Peter Anastos in rehearsal with Ballet San Antonio for Peter Pan, February 2016. Photo by Tami Kegley.

Serendipity. As Ballet San Antonio enters its final week of rehearsals leading up to the production of  “Peter Pan” at the Tobin Center for the Performing Arts, Feb. 12-14,  there is an ineffable quality that the company seems to have in abundance these days. After a tough stretch, BSA once again has a management team in place that is ready to carry the city’s premiere professional ballet company into the future.

Jenniann Colón has held the executive director for the company a bare month now, but she hit the ground running. With a degree in American studies, minoring in African American studies from University of Texas and a Masters from University of Connecticut in Latin American and Caribbean studies, it seems that Colón has a pedigree making her a more likely candidate for international relations, rather than at the helm of a ballet company. How did she end up here?

Ballet San Antonio executive director in the Alvarez Family Theater Lobby at The Tobin, January 2016. Photo by Page Graham.
Ballet San Antonio executive director in the Alvarez Family Theater Lobby at The Tobin, January 2016. Photo by Page Graham.

“Serendipity,” she said. Despite the fact that she was poised to continue work on her Ph.D with a full scholarship at UConn, love won the day. Her fiancé persuaded her to come back to Texas as he pursued a degree in dentistry. Colón’s parents are here in Texas, as well, making the decision to return even easier. It was only a matter of time before she was put in the path of Christine Varela Mayer, a company board chair.  San Antonio, once again, manages to be a big city that acts like a small town.

Colón was director of communications at Academica Management Southwest when she met Mayer at a community event. Her background, which includes public relations, outreach, strategic planning and branding identity across multimedia platforms, proved irresistible to the board who had been looking to fill the position after Courtney Mauro Barker left the company last August.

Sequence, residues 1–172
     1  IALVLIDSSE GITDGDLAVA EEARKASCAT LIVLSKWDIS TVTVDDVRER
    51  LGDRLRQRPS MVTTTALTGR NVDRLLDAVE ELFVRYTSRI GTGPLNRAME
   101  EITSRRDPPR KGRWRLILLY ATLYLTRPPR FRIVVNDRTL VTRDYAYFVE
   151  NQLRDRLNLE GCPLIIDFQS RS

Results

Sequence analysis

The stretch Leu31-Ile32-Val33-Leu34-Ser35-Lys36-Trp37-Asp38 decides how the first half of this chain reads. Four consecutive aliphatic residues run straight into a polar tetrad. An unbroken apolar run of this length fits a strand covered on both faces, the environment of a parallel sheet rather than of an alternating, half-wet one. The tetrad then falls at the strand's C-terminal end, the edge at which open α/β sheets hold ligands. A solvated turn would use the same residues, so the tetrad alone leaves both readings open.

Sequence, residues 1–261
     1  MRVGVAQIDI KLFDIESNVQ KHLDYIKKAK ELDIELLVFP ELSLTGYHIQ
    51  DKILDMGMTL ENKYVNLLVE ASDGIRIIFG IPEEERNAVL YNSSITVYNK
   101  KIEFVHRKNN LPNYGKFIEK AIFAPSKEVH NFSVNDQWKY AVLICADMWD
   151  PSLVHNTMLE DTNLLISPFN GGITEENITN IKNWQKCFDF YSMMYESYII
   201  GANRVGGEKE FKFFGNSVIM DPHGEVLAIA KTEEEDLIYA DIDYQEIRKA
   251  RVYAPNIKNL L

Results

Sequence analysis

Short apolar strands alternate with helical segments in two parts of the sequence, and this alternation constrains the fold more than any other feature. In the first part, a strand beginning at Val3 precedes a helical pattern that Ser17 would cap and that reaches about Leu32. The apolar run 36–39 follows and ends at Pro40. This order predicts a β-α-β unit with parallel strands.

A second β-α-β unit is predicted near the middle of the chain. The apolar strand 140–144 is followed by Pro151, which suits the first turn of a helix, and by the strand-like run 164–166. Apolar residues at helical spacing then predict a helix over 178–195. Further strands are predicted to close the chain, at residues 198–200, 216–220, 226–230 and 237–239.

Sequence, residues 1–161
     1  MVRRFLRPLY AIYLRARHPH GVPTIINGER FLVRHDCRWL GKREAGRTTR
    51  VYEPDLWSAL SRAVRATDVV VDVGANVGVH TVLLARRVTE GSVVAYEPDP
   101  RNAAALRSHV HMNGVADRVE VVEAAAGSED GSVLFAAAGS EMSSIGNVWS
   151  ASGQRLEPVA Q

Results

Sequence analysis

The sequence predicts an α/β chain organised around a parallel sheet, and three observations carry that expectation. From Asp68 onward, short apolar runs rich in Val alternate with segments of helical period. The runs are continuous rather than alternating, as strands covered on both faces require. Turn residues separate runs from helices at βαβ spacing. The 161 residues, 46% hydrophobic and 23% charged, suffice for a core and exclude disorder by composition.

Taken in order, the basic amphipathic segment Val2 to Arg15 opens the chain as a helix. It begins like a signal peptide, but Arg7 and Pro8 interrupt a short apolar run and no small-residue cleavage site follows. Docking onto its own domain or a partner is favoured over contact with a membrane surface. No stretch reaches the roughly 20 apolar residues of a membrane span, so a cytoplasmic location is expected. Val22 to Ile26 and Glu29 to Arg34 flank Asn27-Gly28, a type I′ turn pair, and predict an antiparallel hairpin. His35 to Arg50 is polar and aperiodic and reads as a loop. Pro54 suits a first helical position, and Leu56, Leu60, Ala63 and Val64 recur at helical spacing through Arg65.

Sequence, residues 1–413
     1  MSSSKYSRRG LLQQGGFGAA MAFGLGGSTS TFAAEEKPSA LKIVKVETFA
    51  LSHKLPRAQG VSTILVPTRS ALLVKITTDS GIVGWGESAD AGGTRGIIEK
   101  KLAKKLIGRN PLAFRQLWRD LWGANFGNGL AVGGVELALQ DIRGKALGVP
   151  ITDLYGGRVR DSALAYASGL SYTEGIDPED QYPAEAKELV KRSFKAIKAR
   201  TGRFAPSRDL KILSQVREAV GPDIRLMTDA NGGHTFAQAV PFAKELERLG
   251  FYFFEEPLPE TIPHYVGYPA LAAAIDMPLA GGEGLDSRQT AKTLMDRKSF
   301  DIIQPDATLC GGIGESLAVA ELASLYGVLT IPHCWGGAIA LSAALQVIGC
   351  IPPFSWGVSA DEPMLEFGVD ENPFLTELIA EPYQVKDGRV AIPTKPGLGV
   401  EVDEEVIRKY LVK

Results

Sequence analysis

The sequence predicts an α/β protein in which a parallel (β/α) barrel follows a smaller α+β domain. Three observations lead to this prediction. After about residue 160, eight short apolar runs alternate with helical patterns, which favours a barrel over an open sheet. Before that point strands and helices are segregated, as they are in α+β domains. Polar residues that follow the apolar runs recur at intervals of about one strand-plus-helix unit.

Colón doesn’t have a background in the performing arts or ballet, “but there was a need to be met,” she said. “I was seen as a good fit because of that, not in spite of it. Our artistic needs are being met by (artistic director) Willy Shives in the studio.” Colón and Shives have already begun to colloaborate and delineate tasks needed for the ballet company’s growth.

Ballet San Antonio artistic director, Willy Shives welcomes the audience. Peter Pan Sneak Peek, January 2016. Photo by Page Graham.
Ballet San Antonio artistic director, Willy Shives welcomes the audience. Peter Pan Sneak Peek, January 2016. Photo by Page Graham. Credit: Courtesy / Page Graham

“An important part of our company mission statement is to make ballet and the classical arts accessible to the entire San Antonio community and surrounding areas,” Colón said. “This is something we both cherish. We both came from humble beginnings. We understand how important that enrichment is, and making sure that all populations have access to that. This is dear to both our hearts.”

In order to achieve these lofty goals, it is important to get the ballet company on firm, long-term financial footing. Colón’s sensible approach will set measurable goals that move the company forward at this critical point in their development. There is potential in every direction, but the focus at the moment is keeping balance and getting the company through the rest of this tumultuous season.

“We have a core group of people who support Ballet San Antonio and we want to continue to feed that foundation with special events and little perks and access that makes them feel appreciated,” Colón said. “We must also continue to cultivate our corporate sponsors and grants. This is something that I am working on with the board as we speak.”

Ballet supporters recently enjoyed one of those perks in the form of a sneak peek performance at the Tobin’s Alvarez Family Theater. A fairly respectable after-work gathering was treated to champagne as  Shives introduced company members and Ballet Idaho’s ballet master, Alex Ossadnik, who conducted much of the the heavy-lifting required to set “Peter Pan.”

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The informal yet informative event was intended to give supporters an insider’s look at how the company works through the process of getting a new ballet up and running. This version of the “Peter Pan” ballet was created by acclaimed choreographer Peter Anastos in 1995, while he was the artistic director at Cincinnati Ballet. Anastos was the first to bring the J.M. Barrie tale of “the boy who wouldn’t grow up” to the U.S. stage as a ballet.